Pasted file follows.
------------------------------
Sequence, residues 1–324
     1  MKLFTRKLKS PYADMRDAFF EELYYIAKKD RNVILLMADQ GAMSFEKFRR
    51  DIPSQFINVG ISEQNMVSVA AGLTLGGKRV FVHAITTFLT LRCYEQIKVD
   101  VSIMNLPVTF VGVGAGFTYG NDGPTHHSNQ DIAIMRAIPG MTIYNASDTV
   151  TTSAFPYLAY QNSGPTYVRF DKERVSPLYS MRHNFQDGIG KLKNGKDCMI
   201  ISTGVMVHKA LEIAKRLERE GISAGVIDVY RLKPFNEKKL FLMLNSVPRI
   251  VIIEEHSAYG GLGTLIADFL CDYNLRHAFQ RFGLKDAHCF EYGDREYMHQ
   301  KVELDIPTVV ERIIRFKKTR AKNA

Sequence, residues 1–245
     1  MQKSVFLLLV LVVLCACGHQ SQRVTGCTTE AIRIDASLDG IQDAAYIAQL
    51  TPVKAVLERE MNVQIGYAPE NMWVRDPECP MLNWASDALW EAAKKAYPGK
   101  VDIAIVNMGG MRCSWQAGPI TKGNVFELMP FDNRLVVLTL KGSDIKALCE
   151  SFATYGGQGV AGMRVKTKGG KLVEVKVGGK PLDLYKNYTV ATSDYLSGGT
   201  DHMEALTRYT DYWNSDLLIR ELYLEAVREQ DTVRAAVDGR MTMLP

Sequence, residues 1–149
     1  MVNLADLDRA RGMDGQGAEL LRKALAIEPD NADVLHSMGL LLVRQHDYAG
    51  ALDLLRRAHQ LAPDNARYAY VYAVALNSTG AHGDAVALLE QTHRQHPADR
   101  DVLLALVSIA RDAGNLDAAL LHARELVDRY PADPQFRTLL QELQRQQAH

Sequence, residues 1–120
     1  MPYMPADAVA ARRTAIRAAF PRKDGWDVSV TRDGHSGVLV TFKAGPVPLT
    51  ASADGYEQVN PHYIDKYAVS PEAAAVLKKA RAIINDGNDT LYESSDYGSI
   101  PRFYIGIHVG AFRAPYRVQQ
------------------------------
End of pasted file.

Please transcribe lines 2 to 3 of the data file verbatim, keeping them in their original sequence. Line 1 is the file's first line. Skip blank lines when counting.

     1  MKLFTRKLKS PYADMRDAFF EELYYIAKKD RNVILLMADQ GAMSFEKFRR
    51  DIPSQFINVG ISEQNMVSVA AGLTLGGKRV FVHAITTFLT LRCYEQIKVD